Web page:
She used her power to shake the foundations of the big money art industry with a 2018 article in Artforum that appealed to the Sacklers for their role in a health disaster. At some of the world’s most revered museums, where the Sackler name has long been prominently displayed on the wings of buildings, Goldin and her colleagues chanted “The Temple of Greed!” They organized downtimes. They threw prescription bottles into a reflective pool, and created a “storm” of prescription pages (borrowing language from an internal Sackler document), pouring rain on the Guggenheim’s rotunda – actions political influence, and many of them eventually succeeded. But they are also acts of aesthetic impact, captured by a strong sense of their elegant fervor.

The document indicates that before OxyContin, Purdue pushed Valium and Poitras to include a few of those nightmarish commercials that once flourished, targeting women and their anxieties, not too much to make them feel better but make them feel less uncomfortable for their husbands and families. Taking on powerful philanthropists in the art world and their nefarious wealth, Goldin turned it into a problem.

As for the origins of her brave act, the film outlines a life-shaping vein. At the heart of the film – and arguably Goldin’s work – is her beloved older sister, Barbara, a rebellious mismatchist who is already too prolific for their parents’ lives. . Instead, they and some of the doctors they consulted silenced their first child with the label of mental illness. Her story is an unbearable one – her grief, her gruesome death, her mother’s denial mode. The suburban neighbors must have been unaware of their domestic turmoil and its terrible depths. The art world must not think about the source of all that cash targeted by museum benefactors. In Ballad about sexual dependence, a 1985 slide show, and 1986 book are often considered Goldin’s masterpieces, she includes self-portraits that show her with scars and bruises from being brutally beaten by her ex-boyfriend. In the process of self-examination, in the arms of the difficult struggles of looking at people, her characteristic is the rejection of shame.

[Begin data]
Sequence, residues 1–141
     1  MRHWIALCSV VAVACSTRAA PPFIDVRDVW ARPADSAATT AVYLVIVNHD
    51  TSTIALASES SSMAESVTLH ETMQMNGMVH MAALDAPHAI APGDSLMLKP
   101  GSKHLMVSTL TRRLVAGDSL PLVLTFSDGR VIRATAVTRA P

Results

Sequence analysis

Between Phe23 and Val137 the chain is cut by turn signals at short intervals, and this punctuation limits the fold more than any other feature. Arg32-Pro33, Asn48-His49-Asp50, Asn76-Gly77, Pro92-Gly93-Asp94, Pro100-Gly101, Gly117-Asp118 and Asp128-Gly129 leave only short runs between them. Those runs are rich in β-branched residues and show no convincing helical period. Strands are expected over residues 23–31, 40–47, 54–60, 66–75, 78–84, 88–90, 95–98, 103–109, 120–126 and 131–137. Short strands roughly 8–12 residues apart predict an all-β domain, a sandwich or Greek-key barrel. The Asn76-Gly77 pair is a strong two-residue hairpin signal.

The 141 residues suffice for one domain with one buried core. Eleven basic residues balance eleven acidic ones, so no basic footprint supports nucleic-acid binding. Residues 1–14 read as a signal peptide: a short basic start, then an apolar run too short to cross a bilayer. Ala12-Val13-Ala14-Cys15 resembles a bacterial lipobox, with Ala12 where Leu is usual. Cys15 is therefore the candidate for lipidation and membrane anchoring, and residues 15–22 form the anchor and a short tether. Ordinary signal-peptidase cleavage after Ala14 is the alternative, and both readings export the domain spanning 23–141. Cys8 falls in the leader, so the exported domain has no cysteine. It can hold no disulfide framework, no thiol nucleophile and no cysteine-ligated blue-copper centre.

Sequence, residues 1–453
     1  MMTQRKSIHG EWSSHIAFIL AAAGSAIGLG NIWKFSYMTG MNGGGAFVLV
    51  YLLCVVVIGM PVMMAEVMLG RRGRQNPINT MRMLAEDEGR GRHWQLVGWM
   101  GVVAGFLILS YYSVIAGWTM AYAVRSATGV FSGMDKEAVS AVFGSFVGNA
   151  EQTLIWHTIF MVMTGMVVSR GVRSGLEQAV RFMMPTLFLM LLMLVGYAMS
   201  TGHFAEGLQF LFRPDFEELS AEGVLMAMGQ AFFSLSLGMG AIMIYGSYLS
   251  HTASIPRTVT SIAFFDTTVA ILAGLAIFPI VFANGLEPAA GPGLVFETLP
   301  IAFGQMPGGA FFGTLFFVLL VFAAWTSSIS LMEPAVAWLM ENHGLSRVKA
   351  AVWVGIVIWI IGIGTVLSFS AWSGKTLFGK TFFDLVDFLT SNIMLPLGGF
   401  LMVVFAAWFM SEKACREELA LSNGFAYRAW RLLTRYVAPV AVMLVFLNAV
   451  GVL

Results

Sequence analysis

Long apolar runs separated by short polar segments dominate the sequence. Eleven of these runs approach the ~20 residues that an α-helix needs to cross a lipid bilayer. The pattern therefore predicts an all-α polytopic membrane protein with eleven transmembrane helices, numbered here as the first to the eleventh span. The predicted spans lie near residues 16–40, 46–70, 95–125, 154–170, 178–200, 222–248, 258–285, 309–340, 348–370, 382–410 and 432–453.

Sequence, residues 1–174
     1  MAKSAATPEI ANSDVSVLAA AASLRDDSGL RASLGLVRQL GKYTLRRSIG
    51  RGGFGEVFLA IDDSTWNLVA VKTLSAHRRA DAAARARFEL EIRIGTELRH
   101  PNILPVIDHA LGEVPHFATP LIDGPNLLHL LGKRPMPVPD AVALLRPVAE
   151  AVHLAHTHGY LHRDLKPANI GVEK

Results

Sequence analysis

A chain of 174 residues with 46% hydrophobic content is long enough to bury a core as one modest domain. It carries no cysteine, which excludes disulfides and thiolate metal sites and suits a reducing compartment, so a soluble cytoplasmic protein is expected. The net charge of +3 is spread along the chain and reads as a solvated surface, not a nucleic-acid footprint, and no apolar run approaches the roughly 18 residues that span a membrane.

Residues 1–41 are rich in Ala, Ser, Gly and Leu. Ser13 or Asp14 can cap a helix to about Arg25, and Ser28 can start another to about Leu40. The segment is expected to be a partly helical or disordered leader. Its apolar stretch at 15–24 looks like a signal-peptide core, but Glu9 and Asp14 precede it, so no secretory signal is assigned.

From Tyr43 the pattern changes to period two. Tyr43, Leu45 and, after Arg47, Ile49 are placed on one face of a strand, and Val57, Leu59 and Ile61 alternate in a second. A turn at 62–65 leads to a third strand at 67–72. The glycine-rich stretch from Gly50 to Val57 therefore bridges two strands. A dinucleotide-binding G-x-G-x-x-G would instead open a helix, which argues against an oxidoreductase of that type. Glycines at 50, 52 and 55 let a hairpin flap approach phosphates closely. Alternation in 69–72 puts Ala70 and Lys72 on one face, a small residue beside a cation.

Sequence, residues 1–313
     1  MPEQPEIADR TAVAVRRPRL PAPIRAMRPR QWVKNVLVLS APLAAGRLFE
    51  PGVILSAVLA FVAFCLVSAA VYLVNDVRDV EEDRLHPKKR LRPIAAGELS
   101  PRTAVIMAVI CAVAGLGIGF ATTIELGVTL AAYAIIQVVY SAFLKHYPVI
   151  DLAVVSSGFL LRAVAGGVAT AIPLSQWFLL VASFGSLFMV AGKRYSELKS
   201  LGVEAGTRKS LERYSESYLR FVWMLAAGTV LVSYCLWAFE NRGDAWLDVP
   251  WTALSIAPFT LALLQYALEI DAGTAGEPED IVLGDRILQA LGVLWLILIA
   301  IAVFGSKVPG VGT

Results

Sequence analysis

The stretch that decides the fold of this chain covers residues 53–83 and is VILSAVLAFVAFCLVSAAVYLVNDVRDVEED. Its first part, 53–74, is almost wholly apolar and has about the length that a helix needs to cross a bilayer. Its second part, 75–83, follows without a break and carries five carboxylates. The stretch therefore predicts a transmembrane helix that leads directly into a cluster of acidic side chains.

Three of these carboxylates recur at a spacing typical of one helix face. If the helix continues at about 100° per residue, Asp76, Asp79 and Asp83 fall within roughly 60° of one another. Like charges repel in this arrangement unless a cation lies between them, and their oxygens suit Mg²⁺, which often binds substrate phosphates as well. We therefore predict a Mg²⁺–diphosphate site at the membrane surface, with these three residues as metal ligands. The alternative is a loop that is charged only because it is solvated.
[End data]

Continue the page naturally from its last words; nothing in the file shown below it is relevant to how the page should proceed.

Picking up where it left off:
Filtering her outrage into focused action, she has succeeded in pressuring several museums to sever their ties with Sackler. Poitras, in her familiar reporter role in her room, documents a remarkable virtual confrontation, part of Purdue Pharma’s bankruptcy hearing in which Goldin and others were influenced by OxyContin against head with members of the Sackler family – their testimonies show up on laptop screens, but nevertheless, count by emotions. Sacklers could avoid their gaze for an instant, but they couldn’t look away.

“You grow up,” Goldin said at one point in the documentary, “being told, ‘That didn’t happen. “When, after the shivers and shimmers of Soundwalk Collective’s soundtrack, Lucinda Williams’ voice rings out at the end of the film, an inspiring voice with powerful swings and openness, it’s open-ended. perfect opening for the film, insisting that this happened, and there’s no point in looking away. The story of Goldin’s active work will turn out to be a worthy film. So is the story of her birth and blossoming as an artist. The story of her sister pulls all this into another dimension, and the way Poitras and Goldin bring the ropes together, into the light, is a distillation capable of moving you to the end. core. That is art.